Property Should Be Respected

PROPERTY SHOULD BE RESPECTED
Naira Hayrumyan

KarabakhOpen
04-12-2007 12:07:26

In the previous meeting of government the minister of health proposed
carrying over community hospitals to the ministry of health. The
intention is quite good – the budget of communities is too small
and cannot afford to sustain hospitals and supply medicine and
equipment. The minister decided after lasting consultations that it
is more effective to centralize the hospitals in the system of health
and give them centralized assistance.

The heads of the regional administrations agreed to this, who said the
community hospitals often do not function because there is no funding.

Only the minister of development of infrastructures Benik Babayan
disagreed.

He asked a logical question – how is the government likely to pass
the property of communities to the government agency with a simple
decision?

Everyone was startled with the question. In answer to the embarrassed
look of the prime minister the head of the State Cadastre Committee
confirmed that the government has no right to take the property of
communities by a willful decision.

The proposal was rejected. It is evidence that the "respect for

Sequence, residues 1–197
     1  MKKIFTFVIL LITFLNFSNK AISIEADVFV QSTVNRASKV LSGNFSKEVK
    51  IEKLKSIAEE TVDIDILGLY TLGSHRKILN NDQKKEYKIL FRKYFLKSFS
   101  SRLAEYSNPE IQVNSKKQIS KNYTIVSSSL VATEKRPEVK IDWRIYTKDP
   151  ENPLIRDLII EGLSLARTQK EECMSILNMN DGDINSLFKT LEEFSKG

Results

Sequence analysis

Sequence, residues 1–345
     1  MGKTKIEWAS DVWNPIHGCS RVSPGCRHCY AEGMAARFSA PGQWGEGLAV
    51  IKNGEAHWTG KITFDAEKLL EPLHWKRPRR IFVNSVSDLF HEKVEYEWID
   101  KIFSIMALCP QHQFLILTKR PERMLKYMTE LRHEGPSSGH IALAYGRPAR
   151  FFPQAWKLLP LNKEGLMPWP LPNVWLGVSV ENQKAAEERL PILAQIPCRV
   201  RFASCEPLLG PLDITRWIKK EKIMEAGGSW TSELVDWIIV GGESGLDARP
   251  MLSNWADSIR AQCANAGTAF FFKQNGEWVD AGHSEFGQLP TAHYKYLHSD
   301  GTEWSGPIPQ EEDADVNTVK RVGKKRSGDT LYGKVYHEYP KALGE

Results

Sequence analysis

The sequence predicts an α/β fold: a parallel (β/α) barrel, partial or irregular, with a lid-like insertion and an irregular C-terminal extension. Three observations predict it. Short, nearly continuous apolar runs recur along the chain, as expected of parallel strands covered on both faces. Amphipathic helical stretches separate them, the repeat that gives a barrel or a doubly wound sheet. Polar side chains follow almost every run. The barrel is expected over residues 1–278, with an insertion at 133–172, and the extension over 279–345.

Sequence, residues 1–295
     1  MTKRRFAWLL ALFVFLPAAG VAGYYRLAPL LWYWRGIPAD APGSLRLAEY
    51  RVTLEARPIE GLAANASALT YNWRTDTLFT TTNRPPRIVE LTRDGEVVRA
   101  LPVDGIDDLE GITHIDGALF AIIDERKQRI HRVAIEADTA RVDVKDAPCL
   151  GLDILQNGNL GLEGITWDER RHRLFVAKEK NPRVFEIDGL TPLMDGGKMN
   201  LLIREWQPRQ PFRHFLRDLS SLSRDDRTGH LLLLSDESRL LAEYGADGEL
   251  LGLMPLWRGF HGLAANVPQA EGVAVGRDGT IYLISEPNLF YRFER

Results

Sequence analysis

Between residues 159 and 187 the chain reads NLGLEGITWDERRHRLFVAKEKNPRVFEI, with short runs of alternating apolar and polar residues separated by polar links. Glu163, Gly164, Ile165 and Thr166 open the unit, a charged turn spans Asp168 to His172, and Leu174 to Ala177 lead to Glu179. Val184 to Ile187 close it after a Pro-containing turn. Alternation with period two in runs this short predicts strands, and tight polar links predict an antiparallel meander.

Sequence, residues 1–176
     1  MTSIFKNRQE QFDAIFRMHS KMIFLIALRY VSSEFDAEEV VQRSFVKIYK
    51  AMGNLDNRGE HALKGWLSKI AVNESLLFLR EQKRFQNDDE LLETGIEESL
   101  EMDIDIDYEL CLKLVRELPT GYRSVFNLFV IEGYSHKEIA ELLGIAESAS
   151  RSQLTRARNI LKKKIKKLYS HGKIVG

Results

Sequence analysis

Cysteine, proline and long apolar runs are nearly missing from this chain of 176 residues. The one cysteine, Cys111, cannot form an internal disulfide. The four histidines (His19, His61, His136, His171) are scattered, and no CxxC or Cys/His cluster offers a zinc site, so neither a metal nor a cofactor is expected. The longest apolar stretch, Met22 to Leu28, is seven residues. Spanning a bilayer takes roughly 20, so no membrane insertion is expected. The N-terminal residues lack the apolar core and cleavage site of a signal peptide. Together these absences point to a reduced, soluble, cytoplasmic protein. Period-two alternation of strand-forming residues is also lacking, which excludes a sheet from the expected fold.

property" is at last acquiring real legal contours. The law holds that
the property of the community can be carried over in case the community
council or the general meeting of the members of the community make
such a decision. The community councils may disagree because they
may afford to sustain the hospital. And the government has to take
this into account.

Because a liberal market economy is based on respect for property,
be it private, community or public.

Unfortunately, it is not in our consciousness yet. It is especially
difficult to realize for people who were brought up by the
Soviet propaganda when "everything belongs to people", in reality
everything was abandoned. These people easily take away the land
of a poor villager who has not got used to the idea that he is a
landowner. Instead, the notion of "property" becomes real when they
are asked to return what they have stolen. For instance, sponsors
who want to reconstruct a building in Shushi find out that someone
has privatized it, and he has studied the law on the protection of
property well.

People are afraid of the change of the government, especially
revolutions because they fear redistribution of property. Especially
that in Karabakh property is not inherited like in Switzerland. It
is as difficult for the owner of property to prove his right to it
as for the trespasser. We have never heard of cases when someone in
Karabakh presents documents to the court claiming that the given land
belonged to their family.

Nevertheless, respect for property should underlie a state. But this
respect should not occur when someone wants to take away something
from somebody but when somebody privatizes public property for peanuts,
builds a fence around it and becomes its owner.

Naira Hayrumyan 04-12-2007 12:07:26 – KarabakhOpen

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